FEES, MORE FEES AND
MORE MANAGEMENT FEES!
Opinion By Jan Bergemann
Published March 22, 2011
Many board members and owners always talk about the cost of hiring a management company. They all seem to forget that the monthly charge paid by the association is only a small part of the income for the management company.
Like waiters with tips, the basic monthly pay they receive from the associations are in many cases only peanuts, compared to all the extra income they make with charges here and administrative fees there. Most contracts allow management companies to keep all these extra charges and even add extra for writing so-called violation letters, the violation to be determined by the manager without prior approval of the board. Board members should read very carefully the contracts with management companies before signing a new contract. While some management companies make complete bids -- meaning all regular charges included, others charge for everything extra as "described" on one of the many pages -- in small print -- often overlooked.
Since S1196 was enacted last year, the statutes [FS 720.303(5)(c)] allow associations to "charge the actual cost of copying, including any reasonable costs involving personnel fees and charges at an hourly rate for vendor or employee time to cover administrative costs to the vendor or association. This provision has turned into a major money-maker for management firms, who already charge personnel fees and charges at an hourly rate for vendor or employee time for the inspection of records, not just for the photocopying as the wording of the statutes implies. But since everybody seems to do whatever they like -- no matter what the wording of the statutes says -- management companies have quickly realized that there is no limit to their charges and are charging outrageous fees to owners that request records, just for inspecting these records. The demanded charges are often so high that owners forget about record requests when seeing the demand to pay in advance. So much for the concept of TRANSPARENCY and OPEN RECORDS.
In a recent case the management company demanded from an owner a prepayment of $300 to inspect the financial records of the association. Eight (8) hours to retrieve the records and two (2) hours monitor time x $25 per hour. After paying the $300 the owner went to the office at the agreed upon time to inspect the records, but faced only two (2) banana boxes full of unsorted documents. Great bookkeeping -- and an even greater charge -- a charge that was billed for "preparation" of record request. How long may it have taken the manager to carry the two (2) banana boxes from storage to the inspection room?
Or wouldn't you consider $82.50 an outrageous charge, considering that the manager charged $2.50 for the photocopies of five (5) pages of minutes from two board meetings, but $80 for preparing this request?
Not to forget all the extra income for management companies that are charging not only for Estoppel Letters, Homeowner Association Certification Requests and Condominium Certification Requests, but as well for the Transfer Fees from the new owner.
Title companies, Lenders, Realtors and attorneys are paying fees to management companies to obtain status of accounts for closings. See here an example of a WEBSITE set up by MAY MANAGEMENT SERVICES, INC. -- just for the purpose of requesting documents and paying for them -- actually, have your credit card ready. No request will be considered until prepaid. With today's computer technology and an accounting system up to par it may take a halfway capable secretary about 10 minutes (max) to produce this simple document. Nice profit -- wouldn't you agree? -- especially since the association already paid to have all these documents ready to roll.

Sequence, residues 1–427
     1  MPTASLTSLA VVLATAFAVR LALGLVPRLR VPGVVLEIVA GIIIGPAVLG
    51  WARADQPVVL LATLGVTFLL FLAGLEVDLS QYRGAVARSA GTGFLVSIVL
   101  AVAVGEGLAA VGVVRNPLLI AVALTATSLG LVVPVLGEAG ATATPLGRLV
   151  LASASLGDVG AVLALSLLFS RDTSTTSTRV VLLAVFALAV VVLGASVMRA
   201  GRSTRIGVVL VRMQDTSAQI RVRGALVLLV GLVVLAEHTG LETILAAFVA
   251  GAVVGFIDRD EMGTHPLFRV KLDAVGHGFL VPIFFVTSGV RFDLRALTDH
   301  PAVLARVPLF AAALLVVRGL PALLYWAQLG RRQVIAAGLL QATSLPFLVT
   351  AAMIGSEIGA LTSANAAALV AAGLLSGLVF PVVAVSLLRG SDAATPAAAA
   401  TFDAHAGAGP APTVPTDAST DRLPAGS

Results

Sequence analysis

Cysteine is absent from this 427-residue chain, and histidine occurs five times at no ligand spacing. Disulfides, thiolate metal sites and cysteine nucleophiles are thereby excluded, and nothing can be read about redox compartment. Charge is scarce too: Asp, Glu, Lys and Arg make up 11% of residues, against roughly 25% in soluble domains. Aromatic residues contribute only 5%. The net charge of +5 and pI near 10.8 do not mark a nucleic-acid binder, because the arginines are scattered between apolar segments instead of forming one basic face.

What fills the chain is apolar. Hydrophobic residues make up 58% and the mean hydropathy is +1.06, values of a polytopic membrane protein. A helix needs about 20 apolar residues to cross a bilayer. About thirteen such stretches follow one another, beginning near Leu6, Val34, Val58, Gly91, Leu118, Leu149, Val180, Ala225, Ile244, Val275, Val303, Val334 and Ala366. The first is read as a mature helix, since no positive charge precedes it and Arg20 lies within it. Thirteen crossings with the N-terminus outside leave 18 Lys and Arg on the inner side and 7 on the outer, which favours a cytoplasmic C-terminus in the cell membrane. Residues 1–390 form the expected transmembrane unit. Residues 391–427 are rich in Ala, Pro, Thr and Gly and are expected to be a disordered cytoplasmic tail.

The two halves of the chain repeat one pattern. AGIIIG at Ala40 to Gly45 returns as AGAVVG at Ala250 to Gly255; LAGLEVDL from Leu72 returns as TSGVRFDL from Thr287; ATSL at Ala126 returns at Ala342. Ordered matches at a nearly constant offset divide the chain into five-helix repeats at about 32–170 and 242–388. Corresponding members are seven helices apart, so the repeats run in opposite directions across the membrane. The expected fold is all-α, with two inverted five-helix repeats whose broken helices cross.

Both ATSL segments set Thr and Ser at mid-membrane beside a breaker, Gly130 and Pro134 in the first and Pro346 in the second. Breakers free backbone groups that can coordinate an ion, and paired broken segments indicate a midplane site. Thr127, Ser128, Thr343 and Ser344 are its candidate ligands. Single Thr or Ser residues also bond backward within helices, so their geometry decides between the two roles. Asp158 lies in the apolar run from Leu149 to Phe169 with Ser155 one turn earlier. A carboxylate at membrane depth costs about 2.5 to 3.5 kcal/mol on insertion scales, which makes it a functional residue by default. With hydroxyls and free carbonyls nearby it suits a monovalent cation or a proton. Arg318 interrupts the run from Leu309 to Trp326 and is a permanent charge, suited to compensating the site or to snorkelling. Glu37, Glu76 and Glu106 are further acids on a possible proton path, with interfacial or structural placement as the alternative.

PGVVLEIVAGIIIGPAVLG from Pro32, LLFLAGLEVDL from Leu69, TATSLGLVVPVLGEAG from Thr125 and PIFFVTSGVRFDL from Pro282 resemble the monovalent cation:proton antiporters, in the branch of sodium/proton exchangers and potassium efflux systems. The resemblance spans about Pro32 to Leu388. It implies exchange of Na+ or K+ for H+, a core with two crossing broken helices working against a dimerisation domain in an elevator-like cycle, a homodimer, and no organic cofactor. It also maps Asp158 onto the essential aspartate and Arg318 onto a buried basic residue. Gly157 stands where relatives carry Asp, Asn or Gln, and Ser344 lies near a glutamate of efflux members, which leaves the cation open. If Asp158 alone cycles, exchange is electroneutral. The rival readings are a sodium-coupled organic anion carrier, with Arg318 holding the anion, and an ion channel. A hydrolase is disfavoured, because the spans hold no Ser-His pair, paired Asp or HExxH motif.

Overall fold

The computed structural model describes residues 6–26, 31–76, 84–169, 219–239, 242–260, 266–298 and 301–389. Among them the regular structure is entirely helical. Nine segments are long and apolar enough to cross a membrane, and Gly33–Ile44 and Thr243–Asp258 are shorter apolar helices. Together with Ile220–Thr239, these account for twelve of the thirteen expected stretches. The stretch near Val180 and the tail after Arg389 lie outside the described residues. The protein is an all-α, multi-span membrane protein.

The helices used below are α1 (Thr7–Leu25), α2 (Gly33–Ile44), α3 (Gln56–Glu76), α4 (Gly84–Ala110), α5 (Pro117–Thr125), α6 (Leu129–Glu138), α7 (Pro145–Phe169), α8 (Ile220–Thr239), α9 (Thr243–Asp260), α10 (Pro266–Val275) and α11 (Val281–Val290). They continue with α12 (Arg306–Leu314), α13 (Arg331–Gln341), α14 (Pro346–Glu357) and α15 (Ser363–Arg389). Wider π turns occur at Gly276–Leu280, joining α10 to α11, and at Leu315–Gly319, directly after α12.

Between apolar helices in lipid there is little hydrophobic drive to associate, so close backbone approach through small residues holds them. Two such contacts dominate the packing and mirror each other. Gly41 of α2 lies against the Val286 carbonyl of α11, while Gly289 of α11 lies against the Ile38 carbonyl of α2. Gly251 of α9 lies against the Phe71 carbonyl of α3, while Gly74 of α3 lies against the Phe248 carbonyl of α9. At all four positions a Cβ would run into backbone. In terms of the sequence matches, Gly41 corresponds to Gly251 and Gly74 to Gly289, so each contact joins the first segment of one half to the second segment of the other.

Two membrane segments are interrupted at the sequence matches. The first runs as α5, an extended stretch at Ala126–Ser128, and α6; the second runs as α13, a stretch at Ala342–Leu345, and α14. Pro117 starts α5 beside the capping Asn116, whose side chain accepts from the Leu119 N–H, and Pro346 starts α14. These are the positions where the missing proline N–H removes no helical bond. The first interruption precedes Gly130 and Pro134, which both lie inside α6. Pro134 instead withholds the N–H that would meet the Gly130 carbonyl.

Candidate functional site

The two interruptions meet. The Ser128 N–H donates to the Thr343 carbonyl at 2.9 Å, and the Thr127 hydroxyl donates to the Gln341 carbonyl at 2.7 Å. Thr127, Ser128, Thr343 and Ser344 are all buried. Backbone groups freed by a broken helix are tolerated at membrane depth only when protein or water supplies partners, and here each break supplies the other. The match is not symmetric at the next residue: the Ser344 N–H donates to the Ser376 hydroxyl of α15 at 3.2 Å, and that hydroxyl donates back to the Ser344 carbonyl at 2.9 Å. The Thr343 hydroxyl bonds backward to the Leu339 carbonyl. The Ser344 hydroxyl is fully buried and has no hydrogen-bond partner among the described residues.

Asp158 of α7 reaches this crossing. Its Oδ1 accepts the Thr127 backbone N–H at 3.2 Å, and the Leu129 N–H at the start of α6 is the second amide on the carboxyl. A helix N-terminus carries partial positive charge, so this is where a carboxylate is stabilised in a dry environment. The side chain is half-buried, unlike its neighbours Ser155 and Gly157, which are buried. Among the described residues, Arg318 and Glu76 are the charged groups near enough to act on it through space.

The latest source of great income for management companies is the charge of collection fees. In recent years we have seen many -- some outrageous -- charges for so-called administrative fees for collections charged by management companies. Senator Fasano's bill S530 now wants to make this method legal: (Line 1463 ff.: The claim of lien also secures any reasonable expenses for collection services relating to the delinquent account which the association incurred before filing a claim.) All these added fees give homeowners in arrears less and less incentive to "save" their home from foreclosure. Instead of trying to keep families in their homes to avoid even more foreclosures, our legislators are even adding more and more fees to make any attempt to save what could be saved more difficult. All these extra fees will make more owners consider the option of walking away from their homes/condos, after living there for free for as long as possible!
Fees, fees and more fees! But make no mistake: These fees are charged by management companies for management companies -- and they are huge money-makers for these community association management companies. Owners are burdened with more and more fees, but the associations don't profit from these extra fees. No more money comes into the coffers of the associations -- actually allowing all these extra fees to be charged creates even more financial problems for associations.
But why should associations and owners get any relief as long as our esteemed legislators can make sure that their newly enacted laws increase the profits of the community association service providers -- like attorneys and community association managers?